Rather than focusing on returns, consider tracking errors for Index Funds.

Investing in Index Funds There are numerous advantages to passive investing, which are funds in which the manager makes no active decisions. They will generate market-related returns (i.e., they will not lag behind the benchmark index) and have lower expenses than actively managed funds.

4 min readMar 7, 2022


The key distinction between a market index and a fund like this is the cost of operation. A modest quantity of cash may also be present in the fund to aid in the management of withdrawals. Index funds have been improving their performance in this regard over time.

To be sure, passive fund performance isn’t measured in the same way that active funds are. We don’t pay attention to how much money they earn. It’s known as the tracking error, and it reveals how far the returns differed from the benchmark index, which is what we’re interested in.

The returns of these funds should, in theory, be the same as the returns of the underlying index, but due to costs and cash equivalents, they may be somewhat lower, such as 99.9%. Clearly, the lower the tracking error, the better.

The annualize standard deviation of the difference in returns between an index fund and its corresponding index is known as the annualize standard deviation of the difference in returns between an index fund and its corresponding index.

An index fund management must determine how effectively they are tracking each day, particularly if the fund is open-ended. The tracking error is calculated using the total returns index (TRI), which includes dividends and indicates the returns on the index portfolio. The total returns on the index portfolio, including the dividend, are shown in the TRI.

Error tracking has improved.

Let’s get to the data, which is our next stop. Until January 2022, 11 index funds were following the Nifty50 for one, three, and five years. Over that time period, we looked at the tracking inaccuracy of that group of funds.

Over the last five years, the average was 0.78 percent, and over the last three years, it was 0.95 percent. The tracking inaccuracy dropped dramatically to 0.33 percent over the course of a year.

As this calculation demonstrates, a tracking error of 0.95 percent does not imply that the index fund’s returns are significantly lower than the Nifty’s. It’s simply the result of a process established by the National Stock Exchange to figure out how the system works.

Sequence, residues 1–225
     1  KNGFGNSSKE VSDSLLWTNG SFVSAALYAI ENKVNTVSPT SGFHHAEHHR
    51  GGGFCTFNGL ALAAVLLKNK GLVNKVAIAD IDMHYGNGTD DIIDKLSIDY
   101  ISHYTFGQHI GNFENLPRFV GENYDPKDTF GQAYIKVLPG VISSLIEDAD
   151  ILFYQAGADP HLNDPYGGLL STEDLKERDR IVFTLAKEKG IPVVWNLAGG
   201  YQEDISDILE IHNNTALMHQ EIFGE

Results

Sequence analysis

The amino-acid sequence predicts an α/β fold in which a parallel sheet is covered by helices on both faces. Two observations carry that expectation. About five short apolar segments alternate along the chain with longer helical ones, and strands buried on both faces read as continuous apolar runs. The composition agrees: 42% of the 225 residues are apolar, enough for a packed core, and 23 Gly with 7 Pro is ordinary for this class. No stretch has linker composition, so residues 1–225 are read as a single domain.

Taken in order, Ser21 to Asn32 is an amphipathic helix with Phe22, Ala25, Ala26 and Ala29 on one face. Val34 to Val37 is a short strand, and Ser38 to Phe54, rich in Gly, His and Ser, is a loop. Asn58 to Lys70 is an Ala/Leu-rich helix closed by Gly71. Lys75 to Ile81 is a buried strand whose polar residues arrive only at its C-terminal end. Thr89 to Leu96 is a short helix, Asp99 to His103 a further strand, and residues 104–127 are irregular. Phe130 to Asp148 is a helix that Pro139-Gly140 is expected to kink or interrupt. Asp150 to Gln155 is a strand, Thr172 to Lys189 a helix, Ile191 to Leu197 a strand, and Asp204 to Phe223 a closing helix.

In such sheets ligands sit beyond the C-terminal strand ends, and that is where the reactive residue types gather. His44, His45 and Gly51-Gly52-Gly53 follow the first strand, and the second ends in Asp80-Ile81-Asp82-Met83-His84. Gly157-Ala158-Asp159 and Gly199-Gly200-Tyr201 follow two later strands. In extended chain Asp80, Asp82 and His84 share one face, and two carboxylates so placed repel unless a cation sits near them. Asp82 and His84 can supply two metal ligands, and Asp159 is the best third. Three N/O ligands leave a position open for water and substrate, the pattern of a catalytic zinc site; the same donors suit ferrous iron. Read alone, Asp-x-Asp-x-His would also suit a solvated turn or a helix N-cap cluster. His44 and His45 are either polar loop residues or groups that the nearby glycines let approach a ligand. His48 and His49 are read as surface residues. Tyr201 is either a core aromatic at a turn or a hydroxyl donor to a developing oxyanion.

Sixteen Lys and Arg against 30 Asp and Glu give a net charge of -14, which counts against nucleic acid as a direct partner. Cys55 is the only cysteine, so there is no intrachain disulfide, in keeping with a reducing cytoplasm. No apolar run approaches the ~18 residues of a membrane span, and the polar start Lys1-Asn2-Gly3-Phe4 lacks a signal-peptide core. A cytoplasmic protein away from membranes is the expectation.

This metric’s output increased by 0.13 percent in the three months ending in January 2022, indicating that even more progress has been made.

Index funds, at least those that track the Nifty, have improved their performance over time. At the risk of redundancy, “performance” here refers to how rapidly you can track the index rather than how much money you make.

UTI Nifty Index Fund, HDFC Index Fund Nifty 50, and SBI Nifty Index Fund are the three funds that are most efficient over five, three, and one years.

As I previously stated, the last three months have seen much more growth. The finest index funds include Navi Nifty 50 Index Fund, UTI Nifty Index Fund, SBI Nifty Index Fund, and HDFC Index Fund Nifty 50.

To put it another way, how has efficiency improved? Expense ratios are decreasing since there is increasing competition among passive funds. The advantage, on the other hand, is going to investors.

Navi Mutual Fund revolutionized the game by reducing fund management costs, and other MFs are following suit.

Despite the fact that it is a new company, Navi has quickly risen to the top. Since November 2021, it has improved its tracking inaccuracy, which has been made easy by very low fund recurring charges. This, as far as I’m aware, will continue to be the case in the future.

ETF tracking errors aren’t the same as ETF tracking errors.

Exchange-traded funds (ETFs) have tracking errors as well, but there is one slight difference between them and index funds when this statistic is used to assess how well they track.

When you purchase and sell ETFs, you’re buying and selling them at their market value, which isn’t always the same as their net worth (NAV). The tracking error of ETFs is calculated using their NAVs, which are the day’s closing prices. This is the price at which the ETF was purchased or sold, not the price at which an investor purchased or sold units.

As a result, the estimated tracking error is simply a statistic that indicates how well the indexes are performing, but not how well investors are performing.

Everyone who buys an ETF will have a distinct tracking error, whereas everyone who buys an index fund will have the same tracking error because all units are issued at the same NAV on the same day.

Investors are in better shape than they were previously, thanks to advances in technology and lower fund operating expenses. Smart investors can evaluate index funds and make investing selections depending on how effectively they track the market.